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Next Sunday’s Total Lunar Eclipse is the fourth and final eclipse in a series of four total lunar eclipses called the lunar tetrad. Each of the eclipses in the tetrad occurred about 6 months apart and had 5 full Moons between them.
This rare eclipse of a super moon is also called a blood moon because of its reddish color due to Rayleigh scattering of light. And, if wildfires continue burning in the West, the smoke may contribute to an even deeper red color.
Needless to say, conspiracy theorists are having wet dreams about this because it’s the last of the four blood moons that fall on Biblical festival dates during 2014 and 2015. Since the Jewish calendar is (28 day) lunar based, OF COURSE these lunar eclipses coincide with lunar-based calendar events. Such religious, numerological claptrap persuaded uneducated and superstitious shepherds to support priests in a relative lavish life-style thousands of years ago and still afflicts gullible conspiracy theorists today.
Will the world end? Yes, in about 4 billion years when the sun goes Nova and fries our solar system. Until then, enjoy the show. In any case, let’s hope we have clear skies for a great view.
The Moon will enter Earth’s much darker umbral shadow at 9:07 p.m. on September 27 (Eastern Time Zone), at 8:07 p.m. (Central Time), 7:07 p.m. (Mountain Time) and 6:07 p.m. (Pacific Time – before moonrise).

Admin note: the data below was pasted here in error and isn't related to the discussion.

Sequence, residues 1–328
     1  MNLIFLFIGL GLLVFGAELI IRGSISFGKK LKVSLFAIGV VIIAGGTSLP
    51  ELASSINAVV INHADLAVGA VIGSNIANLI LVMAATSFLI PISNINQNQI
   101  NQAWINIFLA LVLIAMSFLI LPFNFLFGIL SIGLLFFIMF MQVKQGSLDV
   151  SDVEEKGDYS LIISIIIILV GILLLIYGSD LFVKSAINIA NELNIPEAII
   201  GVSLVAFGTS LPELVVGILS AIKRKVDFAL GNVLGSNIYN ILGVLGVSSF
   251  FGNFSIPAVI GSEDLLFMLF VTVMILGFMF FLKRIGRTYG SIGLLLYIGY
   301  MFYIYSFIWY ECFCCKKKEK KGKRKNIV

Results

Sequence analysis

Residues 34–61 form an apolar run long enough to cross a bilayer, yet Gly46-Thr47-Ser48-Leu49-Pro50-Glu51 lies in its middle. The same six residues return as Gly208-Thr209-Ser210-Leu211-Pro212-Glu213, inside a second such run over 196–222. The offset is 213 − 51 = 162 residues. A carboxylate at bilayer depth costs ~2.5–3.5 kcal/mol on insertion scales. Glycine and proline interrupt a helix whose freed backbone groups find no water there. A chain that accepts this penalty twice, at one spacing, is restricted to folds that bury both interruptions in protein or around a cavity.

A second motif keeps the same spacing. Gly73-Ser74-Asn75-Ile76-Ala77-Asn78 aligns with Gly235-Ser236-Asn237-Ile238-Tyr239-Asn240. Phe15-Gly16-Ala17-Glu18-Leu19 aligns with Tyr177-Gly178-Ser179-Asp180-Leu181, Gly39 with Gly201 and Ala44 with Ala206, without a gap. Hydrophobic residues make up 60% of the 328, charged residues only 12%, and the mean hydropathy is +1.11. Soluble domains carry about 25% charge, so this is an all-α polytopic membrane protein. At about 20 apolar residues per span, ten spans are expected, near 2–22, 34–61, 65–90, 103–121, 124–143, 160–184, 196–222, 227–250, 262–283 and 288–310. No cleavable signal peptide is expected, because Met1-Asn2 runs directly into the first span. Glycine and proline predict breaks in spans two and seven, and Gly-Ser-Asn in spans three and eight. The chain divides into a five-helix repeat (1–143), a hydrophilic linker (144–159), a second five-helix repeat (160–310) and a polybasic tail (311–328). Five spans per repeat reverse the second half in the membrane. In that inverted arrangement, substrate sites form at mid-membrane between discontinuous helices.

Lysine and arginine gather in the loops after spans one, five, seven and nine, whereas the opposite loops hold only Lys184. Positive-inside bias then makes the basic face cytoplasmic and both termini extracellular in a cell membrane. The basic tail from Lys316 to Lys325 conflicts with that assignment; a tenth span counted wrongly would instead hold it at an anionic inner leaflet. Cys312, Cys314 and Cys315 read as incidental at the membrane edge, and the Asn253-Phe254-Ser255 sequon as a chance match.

According to the Farmer’s Almanac Sixty-four minutes later the Moon is entirely within the shadow, and sails on within it for 72 minutes until it begins to find its way out at the lower left (southeastern) edge. The Moon will be completely free of the umbra by 9:27 p.m. Pacific Time or 12:27 a.m. (September 28) Eastern Time.
“The only problematic area will be in the western quarter of the United States and west-central Canada, where the first partial stage of the eclipse will already be under way when the Moon rises and the Sun sets on Sunday evening. But if you have an open view low to the east, even this situation will only add to the drama, for as twilight fades, these far-westerners will see the shadow-bitten Moon coming into stark view low above the landscape. And by late twilight, observers will have a fine view of the totally eclipsed lunar disk glowing red and dim low in the eastern sky.”
Enjoy the view!
September 20, 2015